According to your Lordship’s order, I have travailed to my uttermost in the cipher which you sent me, wherein I have had such success as appears by what accompanies this; if not so good as was wished, yet I hope sufficient to satisfy her Majesty, who shall thereby find the substance of the letter ... Truly I have had to do, as your Lordship knows, with many ciphers, but I never lit upon any wherewith I was more cumbered.

Of necessity Phillips had a wide command of languages—French, Spanish, Italian, Latin and German at least—and, according to an acquaintance, the ability to ‘write any man’s hand if he had once seen it as the man himself that writ it’. Naturally his contemporaries were wary of him. One called him a ‘notable knave’, another ‘a severe Huguenot ... greedy of honour and profit’. In any case, after the death of Walsingham in 1590 his affairs took a turn for the worse. In 1592 he was deciphering letters for the Earl of Essex, through the recommendation of Francis Bacon, and he tried to gain the notice of the Cecils. But he tried to milk too much and too soon a lucrative little job in the customs, perhaps obtained on his father’s death, and by the end of 1594 he was heavily in debt to the Crown. Allowed a year’s respite, he failed to meet his commitments, and early in 1596 was in prison owing more than £11,500 and facing the Queen’s ‘tempestuous displeasure’. In June 1597 he was released, ‘in consideration of his faithful service’, but soon recommitted. As late as 1609 the debt was still considerable—indeed there is no evidence that it was ever repaid.5

Even in prison he continued his deciphering, but

as Samson’s strength lay in his hair, so my cunning depended upon the Queen’s favour, which, being lost, my spirits became dull.

Gradually, from about 1600, his reputation recovered sufficiently for Cecil to employ him again, at first as an agent in Europe and then as a decipherer. But James I never forgave him for his part in bringing Mary to the block (for which he was still enjoying a pension of 100 marks a year), his contemporaries distrusted him, and his correspondence with the Catholic Hugh Owen proved his undoing. In January 1605 he was ‘apprehended and committed, and all his papers seized’. Released in April, he complained that his correspondence with Owen had been solely in the line of business and expressed annoyance at the ‘vexatious’ manner in which his private papers had been searched and his servants and relatives cross-examined. He resumed his duties and took part in the seizure of the Gunpowder conspirators. But when Owen was found to be involved in the plot, Phillips was put in the Tower, confidence in his integrity gone for ever.6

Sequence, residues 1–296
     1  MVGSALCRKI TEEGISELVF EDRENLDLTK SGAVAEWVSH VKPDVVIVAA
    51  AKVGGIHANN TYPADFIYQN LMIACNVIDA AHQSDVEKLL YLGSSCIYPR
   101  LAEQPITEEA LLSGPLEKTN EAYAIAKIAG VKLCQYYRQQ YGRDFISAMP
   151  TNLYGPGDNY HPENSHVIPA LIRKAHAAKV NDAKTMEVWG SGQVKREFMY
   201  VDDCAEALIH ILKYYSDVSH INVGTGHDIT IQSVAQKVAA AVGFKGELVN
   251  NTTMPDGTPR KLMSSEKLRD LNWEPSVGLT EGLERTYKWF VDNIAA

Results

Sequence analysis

Little is known of his last years. His debt to the Crown was still a burden and in 1618 he was involved in a costly lawsuit. In 1622 he was again in prison, but optimistic enough to petition for an ecclesiastical post ‘of the inferior sort’. The last references to him show him in prison in 1625. Accused of revealing the contents of a letter he had deciphered, he wrote a pathetic note describing his career in Elizabeth’s reign to a government which was obviously ignorant of his past services. He claimed that he had remained loyal, despite the offer of £1,000 and an annuity of 1,000 marks from a foreign agent. Some months later he was still in prison when called upon to decipher a letter in Spanish. An old man now, confined to prison, deep in debt, his lands seized, he had little to hope for. By March 1626 he was dead.7

Ref Volumes: 1558-1603

Author: M.R.P.


  • 1. J. Morris, Sir Amias Paulet’s Letter Bk. 114-19; Vis. London (Harl. Soc. xvii), 161; PCC 13 Sainberbe.
  • 2. CSP For. 1578-9, p. 37; Spedding, Bacon, i. 117-19; Cal. Carew Pprs. iii. 231; F. Dietz, Eng. Public Finance 1558-1641, p. 328; CSP Dom. 1598-1601, pp. 420, 442-3.
  • 3. CSP For. 1578-9, p. 37; CSP Dom. Add. 1580-1625, p. 86; HMC Hatfield, ii. 410.
  • 4. PCC 13 Sainberbe, 23 Capell; W. A. Copinger, Suff. Manors, v. 172; VCH Yorks. N. Riding, ii. 445; Morris, 119.
  • 5. C. Read, Walsingham, ii. 336; iii. passim; Spedding, i. 117-19, 251, 252; SP12/275/78; HMC Hatfield, v. 40, 101; vi. 118, 351, 391, 511, 513; vii. 84, 150; Lansd. 31, f. 62; 82, f. 180; 83, ff. 220, 233 seq., 241; 84, f. 58.
  • 6. HMC Hatfield, vi. 511, 513; vii. 96-7; CSP Dom. 1601-10, passim, esp. 1603-10, pp. 13, 90, 189; Chamberlain Letters ed. McClure, i. 202; H. Foley, Recs. Eng. Prov. Soc. of Jesus, iii. 513.
  • 7. CSP Dom. Add. 1580-1625, pp. 595-6, 630; 1623-5, p. 482; 1625-6, p. 169; 1627-8, p. 81.